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Author: grammyflo

Joined: 3/15/2010
Posts: 177
GCT Trips Taken: 13
OAT Trips Taken: 0
Traveler Since: 2002

December 29, 2011

Interested in this trip. Which one is better. Moscow to St Pete; or St Pete to Moscow. No extension trips considered.  also, JULY OR AUGUST?  Thanks for any help. Really at sea about this one.  Those ships take 216 passengers. We have never had this many on a GCT trip before.

thanks for any help, really!!

Author: avalarue

Joined: 3/10/2010
Posts: 70
GCT Trips Taken: 8
OAT Trips Taken: 0
Traveler Since: 2008

December 29, 2011

We took the Moscow to St. Petersburg trip. St. Petersburg is definitely the highlight of the trip, so if you want to end on a high note, go in that direction. I would say either July or August would be good. We went in late September when it was rainy and cold.

Although there is a large number of guests on the ship, you are placed in a small group of 35 to 40 with whom you go out for tours and such. The dining room is large enough that all passengers eat at the same time. We usually went to the same table or general area for our meals.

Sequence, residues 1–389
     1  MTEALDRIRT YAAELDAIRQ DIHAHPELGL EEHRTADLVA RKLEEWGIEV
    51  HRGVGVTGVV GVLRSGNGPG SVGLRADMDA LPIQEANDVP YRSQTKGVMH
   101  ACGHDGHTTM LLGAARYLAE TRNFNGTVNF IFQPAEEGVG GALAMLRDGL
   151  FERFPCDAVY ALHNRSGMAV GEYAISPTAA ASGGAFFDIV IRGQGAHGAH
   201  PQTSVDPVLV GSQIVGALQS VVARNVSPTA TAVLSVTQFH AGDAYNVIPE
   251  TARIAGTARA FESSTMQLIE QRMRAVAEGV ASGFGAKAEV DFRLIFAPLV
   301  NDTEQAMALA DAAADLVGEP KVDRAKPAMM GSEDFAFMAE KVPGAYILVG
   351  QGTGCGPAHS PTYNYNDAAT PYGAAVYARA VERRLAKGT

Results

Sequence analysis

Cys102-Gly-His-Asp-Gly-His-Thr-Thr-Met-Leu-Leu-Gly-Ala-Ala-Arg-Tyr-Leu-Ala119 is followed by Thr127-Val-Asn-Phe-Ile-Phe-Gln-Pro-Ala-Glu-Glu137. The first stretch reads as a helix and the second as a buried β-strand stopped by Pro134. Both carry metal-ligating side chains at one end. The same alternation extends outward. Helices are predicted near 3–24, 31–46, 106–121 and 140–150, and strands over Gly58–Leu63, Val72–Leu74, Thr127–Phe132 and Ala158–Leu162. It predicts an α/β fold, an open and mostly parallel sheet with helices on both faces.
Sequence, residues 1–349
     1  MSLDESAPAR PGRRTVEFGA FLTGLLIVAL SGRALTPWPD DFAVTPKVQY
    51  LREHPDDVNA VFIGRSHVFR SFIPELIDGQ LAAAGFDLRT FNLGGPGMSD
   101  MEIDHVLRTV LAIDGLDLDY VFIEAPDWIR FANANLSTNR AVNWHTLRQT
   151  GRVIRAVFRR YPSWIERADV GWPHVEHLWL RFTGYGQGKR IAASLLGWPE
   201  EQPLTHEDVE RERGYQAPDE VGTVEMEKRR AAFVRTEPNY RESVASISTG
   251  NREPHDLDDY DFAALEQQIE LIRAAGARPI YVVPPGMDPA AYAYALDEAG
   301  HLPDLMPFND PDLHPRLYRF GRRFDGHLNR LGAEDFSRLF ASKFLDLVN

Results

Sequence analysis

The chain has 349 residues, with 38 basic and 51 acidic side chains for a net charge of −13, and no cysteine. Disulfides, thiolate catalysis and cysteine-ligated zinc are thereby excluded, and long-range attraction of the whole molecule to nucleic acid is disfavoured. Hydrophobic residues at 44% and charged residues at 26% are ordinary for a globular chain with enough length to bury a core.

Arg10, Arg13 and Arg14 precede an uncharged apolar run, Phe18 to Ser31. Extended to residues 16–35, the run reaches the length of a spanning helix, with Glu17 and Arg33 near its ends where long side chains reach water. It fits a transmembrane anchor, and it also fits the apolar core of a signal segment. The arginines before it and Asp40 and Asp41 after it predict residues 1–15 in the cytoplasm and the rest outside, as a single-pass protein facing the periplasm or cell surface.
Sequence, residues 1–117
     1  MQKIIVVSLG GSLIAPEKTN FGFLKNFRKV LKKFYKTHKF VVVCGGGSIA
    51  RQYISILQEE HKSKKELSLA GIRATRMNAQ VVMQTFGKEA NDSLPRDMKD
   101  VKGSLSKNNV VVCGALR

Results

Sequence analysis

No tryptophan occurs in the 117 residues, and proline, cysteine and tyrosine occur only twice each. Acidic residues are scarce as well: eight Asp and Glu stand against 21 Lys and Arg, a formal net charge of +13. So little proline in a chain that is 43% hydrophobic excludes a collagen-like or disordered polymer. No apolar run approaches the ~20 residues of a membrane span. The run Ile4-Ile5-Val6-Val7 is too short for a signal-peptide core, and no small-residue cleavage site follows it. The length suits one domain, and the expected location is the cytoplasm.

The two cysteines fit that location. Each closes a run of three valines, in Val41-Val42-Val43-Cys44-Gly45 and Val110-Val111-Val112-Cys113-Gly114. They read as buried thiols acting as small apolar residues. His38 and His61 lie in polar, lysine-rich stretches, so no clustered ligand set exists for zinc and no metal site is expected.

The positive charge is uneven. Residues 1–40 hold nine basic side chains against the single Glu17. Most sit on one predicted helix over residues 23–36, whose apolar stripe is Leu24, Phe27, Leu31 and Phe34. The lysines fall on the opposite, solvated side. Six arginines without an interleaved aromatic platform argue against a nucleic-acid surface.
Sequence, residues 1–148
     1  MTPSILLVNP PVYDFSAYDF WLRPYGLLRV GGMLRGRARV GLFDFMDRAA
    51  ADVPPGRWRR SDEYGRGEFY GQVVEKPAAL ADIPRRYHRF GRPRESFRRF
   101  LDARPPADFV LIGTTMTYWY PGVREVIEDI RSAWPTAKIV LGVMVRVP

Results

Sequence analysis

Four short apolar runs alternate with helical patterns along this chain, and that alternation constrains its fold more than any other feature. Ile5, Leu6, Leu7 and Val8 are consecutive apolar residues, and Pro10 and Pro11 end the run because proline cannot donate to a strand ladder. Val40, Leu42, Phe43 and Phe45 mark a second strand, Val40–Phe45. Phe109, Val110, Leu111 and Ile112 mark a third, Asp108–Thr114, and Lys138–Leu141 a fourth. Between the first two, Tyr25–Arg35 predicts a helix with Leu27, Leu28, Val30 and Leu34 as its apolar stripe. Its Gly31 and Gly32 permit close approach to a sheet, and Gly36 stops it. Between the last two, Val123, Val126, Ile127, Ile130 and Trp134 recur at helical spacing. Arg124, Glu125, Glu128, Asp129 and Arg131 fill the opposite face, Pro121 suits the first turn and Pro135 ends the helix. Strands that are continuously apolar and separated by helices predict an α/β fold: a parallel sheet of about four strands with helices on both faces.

Enjoy your trip.

Author: pauline

Joined: 3/9/2010
Posts: 977
GCT Trips Taken: 11
OAT Trips Taken: 0
Countries Visited:

England, Scotland, Ireland, France, Belgium, Holland, Germany, Italy, Sweden, Norway, Denmark, Finland, Malta, Israel, Australia, New Zealand, China, Mexico, Colombia, Costa Rica, Guatemala, Canada, Russia, Ukraine

Traveler Since: 1999

December 29, 2011

I also traveled from Moscow to St. Petersburg in August of 2010.  I don't think it makes much difference.  Both cities are very exciting.

On the Rossia, the dining room has a closed off area in the middle that I think must be the kitchen or access to the kitchen.  Anyway, that keeps the dining room from being a large open expanse of tables and chairs.  I believe the other ship is the same.  I usually chose a seat between the closed area and the windows that made it seem smaller.  And the wait staff got to know us very quickly.

The weather had been extremely hot before we got there, but it changed two days before and became seasonable.  Which is on the cool side.  On Kizhi Island, it is quite windy no matter when you go.

I loved the entire trip and had a wonderful time.  And you will too.